Bulletins are a great way for businesses to connect with their customers to increase their brand reach and to advertise new services that they are offering. We are all used to them and while a few can be irritating, most are thoughtful and informative. Recently we received one from a Kiwi company – EENZ (Exhibitions & Events New Zealand) – who stage consumer shows such as the Auckland Home Show and the Canterbury Home Show.
The bulletin had some good tips for marketing as Level 1 Lockdown came into force, but I noticed something disingenuous about some of the suggestions and it got me thinking about the behemoth that is US the marketing company, Google.
Amongst a number of tips about updating and maximising website content and reach, was this tip regarding online reviews:
Now is a great time to reach out to your happy customer database and request reviews for either your FaceBook business page, website or Google My Business page. This will build trust for new potential customers and also help your online presence. Depending on what reports you read up to 84% of people trust online reviews as if they’re from friends or family. A locale with no reviews or has very little of them is at a disadvantage. Remember, the search engine ‘Google’ likes it when companies help it to deliver the correct information to its users!
Yes, Google likes reviews but it doesn’t only utilise the reviews on its own platform to deliver relevant searches. It also aggregates ‘third party’ reviews to meet consumers’ desires for relevant and timely searches. Perhaps because of the sheer size of the US company and the monopoly it has as a search engine, its review platform is unwieldy and open to easy manipulation. A reviewer requires only one thing to leave a review – a Gmail account. Fake reviews – good and bad – are very difficult to question or to remove. This is one of the reasons third party reviews are also utilised in accumulating results in Google searches. Facebook reviews are similar.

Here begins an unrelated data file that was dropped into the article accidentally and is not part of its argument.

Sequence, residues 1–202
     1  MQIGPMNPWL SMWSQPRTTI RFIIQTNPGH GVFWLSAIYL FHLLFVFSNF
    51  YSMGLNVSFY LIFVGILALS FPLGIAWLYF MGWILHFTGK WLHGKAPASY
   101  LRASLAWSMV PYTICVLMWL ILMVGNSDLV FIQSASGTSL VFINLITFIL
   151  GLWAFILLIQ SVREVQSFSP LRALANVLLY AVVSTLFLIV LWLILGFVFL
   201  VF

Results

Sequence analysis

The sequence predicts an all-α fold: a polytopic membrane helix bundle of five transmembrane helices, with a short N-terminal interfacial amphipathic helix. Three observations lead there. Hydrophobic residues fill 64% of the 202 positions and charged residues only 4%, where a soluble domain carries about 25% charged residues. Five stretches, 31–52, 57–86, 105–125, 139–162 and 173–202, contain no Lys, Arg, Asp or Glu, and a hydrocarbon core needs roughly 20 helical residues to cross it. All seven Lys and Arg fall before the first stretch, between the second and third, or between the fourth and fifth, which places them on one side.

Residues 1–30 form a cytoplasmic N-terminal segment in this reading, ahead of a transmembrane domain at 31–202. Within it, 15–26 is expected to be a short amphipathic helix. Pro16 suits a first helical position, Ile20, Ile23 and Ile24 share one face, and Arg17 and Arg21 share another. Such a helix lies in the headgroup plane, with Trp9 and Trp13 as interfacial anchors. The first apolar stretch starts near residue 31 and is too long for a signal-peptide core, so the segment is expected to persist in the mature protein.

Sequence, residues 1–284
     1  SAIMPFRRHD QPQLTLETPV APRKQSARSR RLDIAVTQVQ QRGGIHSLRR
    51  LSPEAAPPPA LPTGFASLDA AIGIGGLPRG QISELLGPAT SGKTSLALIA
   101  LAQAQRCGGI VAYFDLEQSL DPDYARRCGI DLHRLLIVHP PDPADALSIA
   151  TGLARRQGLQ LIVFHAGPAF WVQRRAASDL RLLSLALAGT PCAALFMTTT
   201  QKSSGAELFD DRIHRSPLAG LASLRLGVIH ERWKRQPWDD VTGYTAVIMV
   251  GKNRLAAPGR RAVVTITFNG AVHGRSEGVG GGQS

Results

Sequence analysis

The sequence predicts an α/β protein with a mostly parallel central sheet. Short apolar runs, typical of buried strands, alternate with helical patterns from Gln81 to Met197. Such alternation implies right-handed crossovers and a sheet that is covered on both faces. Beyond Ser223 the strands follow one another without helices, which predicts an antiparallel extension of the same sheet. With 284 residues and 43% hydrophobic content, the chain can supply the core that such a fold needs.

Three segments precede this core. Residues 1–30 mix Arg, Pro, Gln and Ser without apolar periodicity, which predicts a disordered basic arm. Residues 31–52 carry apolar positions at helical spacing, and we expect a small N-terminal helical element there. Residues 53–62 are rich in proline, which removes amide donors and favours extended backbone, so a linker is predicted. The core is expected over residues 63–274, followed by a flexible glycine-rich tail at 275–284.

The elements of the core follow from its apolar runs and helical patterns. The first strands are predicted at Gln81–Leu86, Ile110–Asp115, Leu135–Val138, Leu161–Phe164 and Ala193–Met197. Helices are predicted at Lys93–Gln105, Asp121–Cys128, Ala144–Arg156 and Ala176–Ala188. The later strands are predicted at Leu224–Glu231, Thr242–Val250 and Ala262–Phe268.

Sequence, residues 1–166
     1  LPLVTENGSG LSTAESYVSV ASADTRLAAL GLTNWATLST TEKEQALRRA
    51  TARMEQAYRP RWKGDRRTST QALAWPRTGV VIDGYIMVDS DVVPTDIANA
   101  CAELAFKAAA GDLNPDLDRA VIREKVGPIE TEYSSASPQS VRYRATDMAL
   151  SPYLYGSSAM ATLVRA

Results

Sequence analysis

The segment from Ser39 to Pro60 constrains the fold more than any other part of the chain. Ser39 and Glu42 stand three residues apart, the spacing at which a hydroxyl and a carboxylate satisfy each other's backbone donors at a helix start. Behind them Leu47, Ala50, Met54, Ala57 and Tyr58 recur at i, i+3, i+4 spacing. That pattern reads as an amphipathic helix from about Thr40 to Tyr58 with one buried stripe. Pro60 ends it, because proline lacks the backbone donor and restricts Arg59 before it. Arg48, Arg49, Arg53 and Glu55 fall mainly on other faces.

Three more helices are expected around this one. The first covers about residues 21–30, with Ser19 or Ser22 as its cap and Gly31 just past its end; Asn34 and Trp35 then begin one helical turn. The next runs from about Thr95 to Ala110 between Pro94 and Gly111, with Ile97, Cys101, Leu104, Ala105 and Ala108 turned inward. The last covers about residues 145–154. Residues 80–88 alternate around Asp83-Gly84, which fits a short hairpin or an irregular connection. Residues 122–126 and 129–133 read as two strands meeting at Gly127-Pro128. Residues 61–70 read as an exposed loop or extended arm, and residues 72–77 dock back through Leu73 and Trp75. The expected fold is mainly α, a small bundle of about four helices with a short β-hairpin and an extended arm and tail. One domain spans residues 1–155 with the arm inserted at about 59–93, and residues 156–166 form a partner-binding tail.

And in many other ways, Google and Facebook are similar. They are both huge companies that dominate online and social media. More than that, for better or worse, they are now fully ingrained in global cultural consciousness. And, in New Zealand, they pay paltry amounts of tax.
Now, more than ever, supporting local Kiwi businesses is not just a nice idea – it’s a necessity. Without the usual influx of tourists and their attendant contribution to our GDP, many New Zealand companies will struggle and prioritising local spending will make some businesses and prevent them from breaking.
So, back to my original observation. Why would a “Kiwi” company like EENZ direct people to leave reviews on overseas platforms, when locally owned businesses – such as NoCowboys – do a fantastic and necessary job of connecting Kiwi consumers with reputable businesses? Why promote their ‘local services’ in a bulletin that then promotes global conglomerates?